The fortieth anniversary has arrived for my favorite film, and I am thrilled to see it in a theater again. And not just any theater — a new Dolby-equipped auditorium with vibrating sound (just like Sensurround, if one can recall 1970s opuses Earthquake, Midway and Rollercoaster) and crystal clear picture (which does not seem to benefit a grainy film forty years old). Still, it looks and sounds phenomenal, and it is wonderful to see it onscreen again.
Steven Spielberg’s science-fiction extravaganza — which he insists during the terrific ten-minute anniversary prologue, is only a science-fiction film if one doesn’t believe in aliens at all — remains his most auteuristic work. Fresh off the mega-success of Jaws, Spielberg was able to write and craft his story about our first meeting with otherworldly beings in his own way. It is also the first film he felt necessary to update, re-edited for the inferior “Special Edition” in 1980, and expanded for its initial television showing in 1982 (which is the finest version, in my opinion). This 40th anniversary is a reissue of the original 1977 version, plus the prologue.
It has a rather clunky beginning which, taken with other seemingly out-of-place sequences, are meant to pay off at the ending — but by then the sheer spectacle overshadows the mysteries of the old planes and ships that suddenly appear out of nowhere. At 137 minutes it feels like it could be trimmed here and there — and Spielberg agreed, but the cuts that he agreed to in 1980 for the “Special Edition” chopped the guts right out of Roy Neary’s (Richard Dreyfuss’) obsession. And the film’s greatest strength, at least to me, is how well it conveys Neary’s desperation as the implanted vision slowly drives him mad. I cannot think of another movie that captures someone’s involuntary compulsion better than this one, ever.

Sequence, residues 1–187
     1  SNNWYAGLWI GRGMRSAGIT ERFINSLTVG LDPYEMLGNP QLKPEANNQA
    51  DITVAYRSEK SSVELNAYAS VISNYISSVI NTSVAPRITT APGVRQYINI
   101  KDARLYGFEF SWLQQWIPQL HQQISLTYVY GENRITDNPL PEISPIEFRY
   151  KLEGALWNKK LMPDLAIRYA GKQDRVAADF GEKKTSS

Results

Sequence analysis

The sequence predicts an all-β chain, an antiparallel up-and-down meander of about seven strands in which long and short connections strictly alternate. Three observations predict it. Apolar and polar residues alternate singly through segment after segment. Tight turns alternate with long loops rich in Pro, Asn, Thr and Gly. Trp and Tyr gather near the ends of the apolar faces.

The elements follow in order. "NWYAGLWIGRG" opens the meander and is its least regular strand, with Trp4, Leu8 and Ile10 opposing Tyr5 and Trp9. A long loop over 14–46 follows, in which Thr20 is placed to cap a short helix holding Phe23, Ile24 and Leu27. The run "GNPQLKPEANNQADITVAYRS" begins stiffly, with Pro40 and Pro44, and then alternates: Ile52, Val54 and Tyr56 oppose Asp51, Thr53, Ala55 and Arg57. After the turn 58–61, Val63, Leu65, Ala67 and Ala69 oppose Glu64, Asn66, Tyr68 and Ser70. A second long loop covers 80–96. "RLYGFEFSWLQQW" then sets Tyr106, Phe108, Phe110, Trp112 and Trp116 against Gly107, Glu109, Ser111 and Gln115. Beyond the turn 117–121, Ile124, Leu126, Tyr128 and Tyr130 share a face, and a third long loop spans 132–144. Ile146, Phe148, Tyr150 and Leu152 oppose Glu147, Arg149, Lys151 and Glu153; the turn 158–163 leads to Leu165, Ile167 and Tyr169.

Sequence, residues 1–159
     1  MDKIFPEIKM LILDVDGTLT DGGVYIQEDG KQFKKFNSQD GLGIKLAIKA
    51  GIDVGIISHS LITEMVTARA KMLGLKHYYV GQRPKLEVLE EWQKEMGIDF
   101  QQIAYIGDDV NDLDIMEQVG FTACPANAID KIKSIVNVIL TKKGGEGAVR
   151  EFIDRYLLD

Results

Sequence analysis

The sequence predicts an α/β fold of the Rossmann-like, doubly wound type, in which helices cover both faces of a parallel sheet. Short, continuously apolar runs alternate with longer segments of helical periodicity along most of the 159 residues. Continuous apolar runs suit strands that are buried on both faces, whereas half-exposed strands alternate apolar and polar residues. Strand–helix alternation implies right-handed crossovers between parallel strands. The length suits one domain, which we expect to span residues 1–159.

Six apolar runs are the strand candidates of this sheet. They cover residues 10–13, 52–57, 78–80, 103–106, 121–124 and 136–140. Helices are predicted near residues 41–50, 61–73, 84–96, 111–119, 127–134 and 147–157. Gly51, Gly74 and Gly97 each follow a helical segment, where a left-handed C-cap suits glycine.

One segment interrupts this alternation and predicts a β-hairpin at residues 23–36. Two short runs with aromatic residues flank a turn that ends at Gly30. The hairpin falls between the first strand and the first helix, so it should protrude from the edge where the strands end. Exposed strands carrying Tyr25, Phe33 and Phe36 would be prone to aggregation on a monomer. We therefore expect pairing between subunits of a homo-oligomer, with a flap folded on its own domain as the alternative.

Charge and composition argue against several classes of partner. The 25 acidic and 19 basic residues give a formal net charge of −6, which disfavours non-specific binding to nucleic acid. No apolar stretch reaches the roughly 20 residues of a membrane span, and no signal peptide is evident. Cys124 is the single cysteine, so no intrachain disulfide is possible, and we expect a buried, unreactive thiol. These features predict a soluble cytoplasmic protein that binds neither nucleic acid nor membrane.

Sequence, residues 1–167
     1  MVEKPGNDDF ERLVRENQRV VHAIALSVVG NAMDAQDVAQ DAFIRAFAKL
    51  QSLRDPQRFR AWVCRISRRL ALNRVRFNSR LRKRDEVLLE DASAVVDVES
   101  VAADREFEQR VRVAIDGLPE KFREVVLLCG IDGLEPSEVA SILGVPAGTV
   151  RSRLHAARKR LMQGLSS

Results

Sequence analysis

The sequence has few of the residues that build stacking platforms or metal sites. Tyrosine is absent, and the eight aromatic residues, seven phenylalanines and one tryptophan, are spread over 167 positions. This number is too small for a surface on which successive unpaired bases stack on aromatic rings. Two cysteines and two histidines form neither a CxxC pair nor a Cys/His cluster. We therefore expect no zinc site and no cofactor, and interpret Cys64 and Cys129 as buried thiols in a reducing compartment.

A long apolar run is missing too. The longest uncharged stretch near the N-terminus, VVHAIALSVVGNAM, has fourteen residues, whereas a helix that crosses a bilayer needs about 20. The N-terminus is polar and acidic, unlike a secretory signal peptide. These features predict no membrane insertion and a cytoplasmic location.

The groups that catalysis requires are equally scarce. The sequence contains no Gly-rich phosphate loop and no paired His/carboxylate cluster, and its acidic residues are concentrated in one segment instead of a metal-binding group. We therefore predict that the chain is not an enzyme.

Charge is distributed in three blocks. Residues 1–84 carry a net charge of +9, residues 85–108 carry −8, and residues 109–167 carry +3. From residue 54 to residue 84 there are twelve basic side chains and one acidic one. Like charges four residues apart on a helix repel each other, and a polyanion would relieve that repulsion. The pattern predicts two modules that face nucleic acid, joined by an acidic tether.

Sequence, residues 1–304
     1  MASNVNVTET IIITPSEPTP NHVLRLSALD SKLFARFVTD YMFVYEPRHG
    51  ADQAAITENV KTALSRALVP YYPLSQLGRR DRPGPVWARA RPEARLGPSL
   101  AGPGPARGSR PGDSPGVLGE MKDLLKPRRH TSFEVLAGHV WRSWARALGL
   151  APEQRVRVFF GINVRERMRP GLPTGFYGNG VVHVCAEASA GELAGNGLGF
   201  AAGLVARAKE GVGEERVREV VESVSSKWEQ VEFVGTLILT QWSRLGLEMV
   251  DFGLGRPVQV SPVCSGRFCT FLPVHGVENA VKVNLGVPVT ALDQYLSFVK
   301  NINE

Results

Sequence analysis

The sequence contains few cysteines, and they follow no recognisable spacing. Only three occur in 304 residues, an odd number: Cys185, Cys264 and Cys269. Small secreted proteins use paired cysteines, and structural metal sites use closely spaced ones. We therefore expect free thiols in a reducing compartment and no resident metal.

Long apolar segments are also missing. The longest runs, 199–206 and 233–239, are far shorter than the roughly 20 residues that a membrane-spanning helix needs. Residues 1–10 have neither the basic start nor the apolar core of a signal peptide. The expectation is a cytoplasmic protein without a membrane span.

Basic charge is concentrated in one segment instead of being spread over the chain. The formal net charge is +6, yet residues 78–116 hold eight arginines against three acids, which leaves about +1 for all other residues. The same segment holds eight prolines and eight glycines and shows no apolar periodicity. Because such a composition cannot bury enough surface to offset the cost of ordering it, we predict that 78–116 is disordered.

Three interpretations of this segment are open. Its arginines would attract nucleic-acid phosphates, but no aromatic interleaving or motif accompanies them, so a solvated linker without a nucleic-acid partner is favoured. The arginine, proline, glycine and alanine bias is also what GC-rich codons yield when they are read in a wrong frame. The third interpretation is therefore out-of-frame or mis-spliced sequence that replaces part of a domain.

The vast majority of science-fiction films which employ aliens use them as plot devices to frighten us out of our wits. If it is different it must be scary, the thinking goes. And Spielberg’s aliens are scary, especially when they are kidnapping young Barry Guiler (Cary Guffey). We never really understand them, or their motives, in taking from us or returning to us. But Spielberg’s aliens are not malevolent, and the exchange that occurs during our first arranged meeting with them reinforces his latent optimism that we can all get along. Just five years later he would expound on this theme with his biggest hit, E. T. — The Extra-Terrestrial.
And then there is the spectacle. Months of post-production work with models and colored lights and mattes convince audiences that aliens are indeed visiting America’s heartland. The climactic sequence at Devil’s Tower is show-stopping — if a bit slow. Yet beneath all the spectacle and the governmental cover-up and the rejection of ordinary suburban life lies the struggle of one soul as he begs to stop what is plaguing him and simply understand. Watching the movie I once again empathized with him and wished that I could experience something so dramatic, so staggeringly life-changing and hopeful. I love this movie. ☆ ☆ ☆ ☆. 6 September 2017.